Wednesday 28 January 2015

Trucks roll home - as Putin ready to meet Ukrainians

Natalya Zinets

Published 24/08/2014 | 02:30

Trucks marked as being from a bitterly disputed Russian aid convoy to Ukraine stand in line as they return to Russia on the border post at Izvaryne, eastern Ukraine. An Associated Press reporter counted 67 trucks entering the border crossing in the Russian city of Donetsk before noon today. Another AP reporter on the Ukrainian side of the border said a line of trucks about 3 kilometers (2 miles) long was waiting to cross. The checkpoint on the Ukrainian side was being operated by separatist rebels, who inspected the trucks. (AP Photo/Sergei Grits)
Trucks marked as being from a bitterly disputed Russian aid convoy to Ukraine stand in line as they return to Russia on the border post at Izvaryne, eastern Ukraine Credit: AP Photo/Sergei Grits

German Chancellor Angela Merkel said yesterday the stand-off over Ukraine could be solved - but only if control was tightened over the Ukraine-Russia border across which, the West alleges, Russia has been funnelling arms to help a separatist rebellion.

Meanwhile hundreds of trucks from a bitterly disputed Russian aid convoy to rebel-held eastern Ukraine rolled back across the border into Russia but questions about alleged Russian artillery in Ukraine still remained.

On Friday NATO said it had mounting evidence that Russian troops are operating inside Ukraine and launching artillery attacks at Ukrainian troops from Ukrainian soil as well as from Russia. Moscow's ambassador to the UN vehemently rejected that accusation.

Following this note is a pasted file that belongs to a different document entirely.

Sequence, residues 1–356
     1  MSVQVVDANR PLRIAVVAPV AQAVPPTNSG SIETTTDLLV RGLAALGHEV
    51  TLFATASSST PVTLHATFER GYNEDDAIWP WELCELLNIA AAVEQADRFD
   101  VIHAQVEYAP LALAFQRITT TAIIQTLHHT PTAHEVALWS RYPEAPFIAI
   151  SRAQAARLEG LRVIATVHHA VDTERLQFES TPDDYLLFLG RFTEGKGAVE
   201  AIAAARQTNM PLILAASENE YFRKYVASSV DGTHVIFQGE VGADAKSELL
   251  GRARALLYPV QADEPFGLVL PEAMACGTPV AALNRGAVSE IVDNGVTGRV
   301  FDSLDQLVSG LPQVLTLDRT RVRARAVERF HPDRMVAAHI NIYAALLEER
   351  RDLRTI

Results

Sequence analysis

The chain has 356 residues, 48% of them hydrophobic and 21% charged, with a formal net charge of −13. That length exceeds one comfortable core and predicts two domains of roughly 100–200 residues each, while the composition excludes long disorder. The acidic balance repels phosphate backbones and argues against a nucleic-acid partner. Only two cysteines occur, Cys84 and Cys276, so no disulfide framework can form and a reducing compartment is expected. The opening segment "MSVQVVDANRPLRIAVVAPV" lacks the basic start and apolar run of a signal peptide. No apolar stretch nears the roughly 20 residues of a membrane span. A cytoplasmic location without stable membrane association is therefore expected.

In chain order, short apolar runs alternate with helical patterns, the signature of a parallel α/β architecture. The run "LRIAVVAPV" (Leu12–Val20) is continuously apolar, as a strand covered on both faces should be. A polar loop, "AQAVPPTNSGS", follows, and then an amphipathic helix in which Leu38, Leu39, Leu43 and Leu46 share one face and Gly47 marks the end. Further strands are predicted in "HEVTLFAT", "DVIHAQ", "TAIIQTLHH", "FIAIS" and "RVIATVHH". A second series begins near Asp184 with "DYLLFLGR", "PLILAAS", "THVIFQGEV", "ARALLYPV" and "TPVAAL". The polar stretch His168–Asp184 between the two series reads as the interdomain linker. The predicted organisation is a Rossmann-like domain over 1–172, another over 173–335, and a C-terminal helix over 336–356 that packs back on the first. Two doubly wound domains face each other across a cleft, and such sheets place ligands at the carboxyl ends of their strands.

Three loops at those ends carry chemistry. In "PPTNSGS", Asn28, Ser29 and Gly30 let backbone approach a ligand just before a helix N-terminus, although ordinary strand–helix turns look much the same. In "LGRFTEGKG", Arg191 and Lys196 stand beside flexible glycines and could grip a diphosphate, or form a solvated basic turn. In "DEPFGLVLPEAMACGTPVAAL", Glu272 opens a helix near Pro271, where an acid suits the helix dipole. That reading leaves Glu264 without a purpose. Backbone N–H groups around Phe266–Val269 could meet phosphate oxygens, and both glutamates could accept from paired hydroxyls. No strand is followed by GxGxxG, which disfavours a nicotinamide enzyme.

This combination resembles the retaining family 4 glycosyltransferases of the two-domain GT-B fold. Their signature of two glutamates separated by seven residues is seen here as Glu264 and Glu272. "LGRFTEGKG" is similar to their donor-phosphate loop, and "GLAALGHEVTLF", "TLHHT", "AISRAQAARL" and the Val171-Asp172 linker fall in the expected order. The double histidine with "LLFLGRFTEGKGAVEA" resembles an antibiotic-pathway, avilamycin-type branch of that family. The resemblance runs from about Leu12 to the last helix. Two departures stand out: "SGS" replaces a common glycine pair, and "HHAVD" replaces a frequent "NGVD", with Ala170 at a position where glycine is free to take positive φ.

Paul Picard, head of the mission for the Organisation for Security and Cooperation in Europe (OSCE), told journalists in the Russian town of Donetsk that all the vehicles that had crossed into Ukraine had returned to Russia by mid-afternoon.

Reporters on the Ukrainian side of the border were able to look inside about 40 of the white-tarpaulined tractor-trailers and confirm they were empty. Russia said the trucks carried only food, water, generators and sleeping bags to the hard-hit rebel stronghold of Luhansk.

Russia had unilaterally sent the trucks into Ukraine through a rebel-held border point on Friday, saying it had lost patience with Ukraine's delaying tactics. Ukraine promptly called the act an invasion.

Ukraine and others - including the EU, the US and NATO - denounced Russia's move as a violation of Ukraine's sovereignty. Kiev and Western countries also suggested the convoy could be used to smuggle supplies and reinforcements to separatists.

German Chancellor Angela Merkel, who has advocated a measured EU response to Russia's aggressive policies in Ukraine, met Ukrainian President Petro Poroshenko in Kiev yesterday and urged a political solution to the crisis.

Poroshenko will meet Russian President Vladimir Putin in Minsk on Tuesday in their first encounter since June. Merkel said she was looking forward to the outcome of those talks and expressed "hope that at least a step forward will be reached there".

Poroshenko said Ukraine is anxious to bring peace as soon as possible and solve the conflict by talks, but "not at the expense of sovereignty, territorial integrity and independence of Ukraine."

It remained unclear Saturday what the Russian convoy had actually delivered, since it only arrived late Friday afternoon. Unloading hundreds of trucks in just a few hours in a war-battered region represents a sizeable task. Some journalists following the convoy to Luhansk said rattling sounds from some of the trucks indicated they were not fully loaded.

The UN says more than 2,000 people have been killed and 340,000 forced to flee their homes during fighting.

Sunday Independent

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